Pet hair and dander can literally be found everywhere. We’re talking about under the sofa and chair cushions, in your bedding and underneath the beds, inside of closets, along the baseboards, in air ducts and even in the cracks and crevices of your flooring and walls.
If you or anyone else in your home suffers from allergies or your notice your guests are having breathing issues, it’s best to get your home’s air quality tested. The DF Technical & Consulting Services Ltd. team offers Air Quality Services, so please don’t hesitate to call us at 1-855-668-3131 or email firstname.lastname@example.org to find out how to take advantage of them!
We’re only a week away now! Wednesday, March 20th marks the official start of the spring season. Throngs of Canadians nationwide are rejoicing at the fact that the frigid temperatures and heavy snowfall of winter will soon be behind us. Not only will we be able to enjoy the outdoors more often, we’ll be able to enjoy the indoors a lot more as well!
Although we have championed the act of cracking the windows throughout the winter many times on this blog, we’re well aware that most Canadians keep their homes fully shut when it’s cold. It’s hard to blame those who simply wish to keep warm and toasty in the winter. However, the lack of ventilation, during the coldest months of the year, make for homes rife with stale and stagnant air.
When the spring arrives, keeping the windows open will be a lot easier to tolerate. Bringing the outdoors inside by way of allowing the fresh air from outside to circulate with the stale air from inside will help everyone in your home to breathe easier. Sarasota, Florida’s Aqua Plumbing & Air reminds us that proper ventilation of the home also comes by way of always using your exhaust fans.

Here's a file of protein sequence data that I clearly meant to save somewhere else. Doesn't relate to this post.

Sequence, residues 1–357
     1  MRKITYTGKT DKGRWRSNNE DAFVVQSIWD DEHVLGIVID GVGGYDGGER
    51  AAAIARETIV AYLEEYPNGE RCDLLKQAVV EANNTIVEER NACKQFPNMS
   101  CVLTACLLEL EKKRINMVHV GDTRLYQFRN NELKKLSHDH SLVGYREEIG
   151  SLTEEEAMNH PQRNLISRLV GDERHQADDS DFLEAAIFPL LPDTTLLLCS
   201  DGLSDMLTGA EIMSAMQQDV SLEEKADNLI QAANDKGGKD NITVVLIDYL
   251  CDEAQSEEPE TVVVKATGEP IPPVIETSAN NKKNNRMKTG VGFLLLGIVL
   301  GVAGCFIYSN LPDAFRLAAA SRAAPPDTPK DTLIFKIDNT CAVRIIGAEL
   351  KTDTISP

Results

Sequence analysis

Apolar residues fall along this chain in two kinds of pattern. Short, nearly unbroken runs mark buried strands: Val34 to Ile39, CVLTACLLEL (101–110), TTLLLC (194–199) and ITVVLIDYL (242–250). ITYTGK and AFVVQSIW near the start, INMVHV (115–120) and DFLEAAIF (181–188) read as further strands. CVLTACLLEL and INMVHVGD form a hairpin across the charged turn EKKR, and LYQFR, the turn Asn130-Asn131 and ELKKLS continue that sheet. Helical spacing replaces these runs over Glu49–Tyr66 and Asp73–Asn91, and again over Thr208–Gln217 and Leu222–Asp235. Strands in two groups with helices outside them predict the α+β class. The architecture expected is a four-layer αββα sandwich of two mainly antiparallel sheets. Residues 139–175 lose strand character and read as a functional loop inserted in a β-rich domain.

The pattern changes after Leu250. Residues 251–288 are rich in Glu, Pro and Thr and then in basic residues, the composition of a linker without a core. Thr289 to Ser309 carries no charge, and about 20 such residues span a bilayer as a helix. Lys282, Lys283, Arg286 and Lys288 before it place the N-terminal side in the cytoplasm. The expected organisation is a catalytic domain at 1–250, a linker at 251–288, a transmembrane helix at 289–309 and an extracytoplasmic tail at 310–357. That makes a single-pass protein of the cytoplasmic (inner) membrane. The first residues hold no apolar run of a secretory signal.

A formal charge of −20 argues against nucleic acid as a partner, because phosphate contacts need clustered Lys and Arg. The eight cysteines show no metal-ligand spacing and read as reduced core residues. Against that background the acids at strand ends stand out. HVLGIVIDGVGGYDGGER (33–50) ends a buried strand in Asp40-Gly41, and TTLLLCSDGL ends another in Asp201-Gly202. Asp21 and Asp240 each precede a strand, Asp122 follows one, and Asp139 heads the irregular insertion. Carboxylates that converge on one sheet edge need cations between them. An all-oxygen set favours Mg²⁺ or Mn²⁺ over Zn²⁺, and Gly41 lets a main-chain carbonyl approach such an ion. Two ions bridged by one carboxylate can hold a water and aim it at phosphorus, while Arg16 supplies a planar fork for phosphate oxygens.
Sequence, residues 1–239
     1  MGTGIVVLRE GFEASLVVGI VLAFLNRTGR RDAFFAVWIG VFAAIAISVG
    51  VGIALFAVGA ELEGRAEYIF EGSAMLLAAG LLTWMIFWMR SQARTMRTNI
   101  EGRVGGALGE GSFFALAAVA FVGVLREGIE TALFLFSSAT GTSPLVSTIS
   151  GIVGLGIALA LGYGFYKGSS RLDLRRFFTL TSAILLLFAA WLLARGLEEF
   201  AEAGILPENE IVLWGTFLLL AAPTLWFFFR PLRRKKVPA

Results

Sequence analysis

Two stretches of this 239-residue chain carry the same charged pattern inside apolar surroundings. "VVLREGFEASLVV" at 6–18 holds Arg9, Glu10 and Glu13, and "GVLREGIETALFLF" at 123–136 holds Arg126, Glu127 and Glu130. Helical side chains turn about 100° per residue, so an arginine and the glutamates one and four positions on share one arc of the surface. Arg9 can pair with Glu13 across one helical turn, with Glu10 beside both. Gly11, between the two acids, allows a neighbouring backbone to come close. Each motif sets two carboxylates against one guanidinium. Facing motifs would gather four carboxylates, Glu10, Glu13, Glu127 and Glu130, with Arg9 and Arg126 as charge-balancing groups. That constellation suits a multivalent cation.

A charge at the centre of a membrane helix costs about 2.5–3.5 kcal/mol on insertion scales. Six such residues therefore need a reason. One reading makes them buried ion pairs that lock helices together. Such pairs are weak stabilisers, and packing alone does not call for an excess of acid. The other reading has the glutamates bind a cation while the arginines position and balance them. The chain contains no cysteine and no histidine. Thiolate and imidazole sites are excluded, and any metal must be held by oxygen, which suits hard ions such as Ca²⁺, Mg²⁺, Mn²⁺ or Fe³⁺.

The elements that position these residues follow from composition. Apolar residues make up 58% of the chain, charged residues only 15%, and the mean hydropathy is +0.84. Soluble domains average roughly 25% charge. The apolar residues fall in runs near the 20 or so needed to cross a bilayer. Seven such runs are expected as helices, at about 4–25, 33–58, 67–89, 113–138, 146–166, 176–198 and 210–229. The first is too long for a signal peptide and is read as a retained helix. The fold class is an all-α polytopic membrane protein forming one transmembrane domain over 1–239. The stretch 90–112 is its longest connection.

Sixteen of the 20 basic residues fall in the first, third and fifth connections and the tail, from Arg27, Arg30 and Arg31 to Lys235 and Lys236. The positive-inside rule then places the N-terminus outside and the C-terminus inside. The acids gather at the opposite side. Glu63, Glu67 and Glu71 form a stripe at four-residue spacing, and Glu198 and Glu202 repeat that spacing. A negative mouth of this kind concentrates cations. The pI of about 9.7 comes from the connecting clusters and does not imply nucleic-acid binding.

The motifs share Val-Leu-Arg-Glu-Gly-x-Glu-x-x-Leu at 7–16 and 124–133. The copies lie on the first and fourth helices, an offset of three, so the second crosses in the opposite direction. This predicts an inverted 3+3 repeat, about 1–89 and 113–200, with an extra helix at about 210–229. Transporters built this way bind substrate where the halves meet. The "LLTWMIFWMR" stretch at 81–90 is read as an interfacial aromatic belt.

“Make sure your kitchen and bathrooms have exhaust fans to remove excess moisture, unpleasant odours, and pollutants,” advises their website, “An energy recovery ventilation system can also save energy by cooling warm air as it comes into your home in spring and summer. These ventilators work like heat pumps, transferring heat to the outgoing cool air. They also dilute concentrations of contaminants in your home and increase your comfort.”
Another way to bring the outdoors inside is to literally take plants from outside and bring them into your home. Purchasing houseplants is an excellent idea if you’re looking to purify the air you breathe while at home. Plants are known to rid the air of harmful pollutants. As Hiller Plumbing, Heating, Cooling, & Electrical reminds us, a NASA study confirmed that several types of houseplants have air purifying qualities.
“Houseplants are visually uplifting, while also working to filter out air pollutants,” states the site, “According to NASA’s Clean Air Study on this matter, titled Interior Landscape Plants for Indoor Air Pollution Abatement, you can achieve noticeable air purification by placing greenery every 100 square feet within any given space.”
When dusting your furniture, mopping your floors or even spraying the bathroom to improve its smell, stay away from chemical-based cleansers. The volatile organic compounds in many cleaning products only serve as irritants to our respiratory systems. A clean smell doesn’t actually represent a clean environment. Another way to bring the outdoors in is to use natural products to clean.
“When it comes to cleaning products, fragrance = chemicals,” reports Hiller, “In fact, that pine or citrus fresh scent we’ve come to associate with a clean home is actually just a mask for the chemicals and bacterial transfer underneath. Opt for fragrance-free or unscented products. The last thing you want is to unknowingly pollute the air with the petroleum-based chemicals in the very products you’re using to clean with!”
The DF Technical & Consulting Services Ltd. team would love to help you enjoy the best possible indoor air quality this spring. For information about our Air Quality Services, please don’t hesitate to call us at 1-855-668-3131 or email email@example.com.
Congratulations Canada! We’re almost there. In exactly two weeks, the spring season will officially be upon us. And while it’s true that winter-like weather conditions may persist well into April, there’s no question that we’re a lot closer to experiencing a return to warmer days. When the spring finally arrives, expect there to be a lot more people venturing outdoors. But what will that mean for the air inside our homes?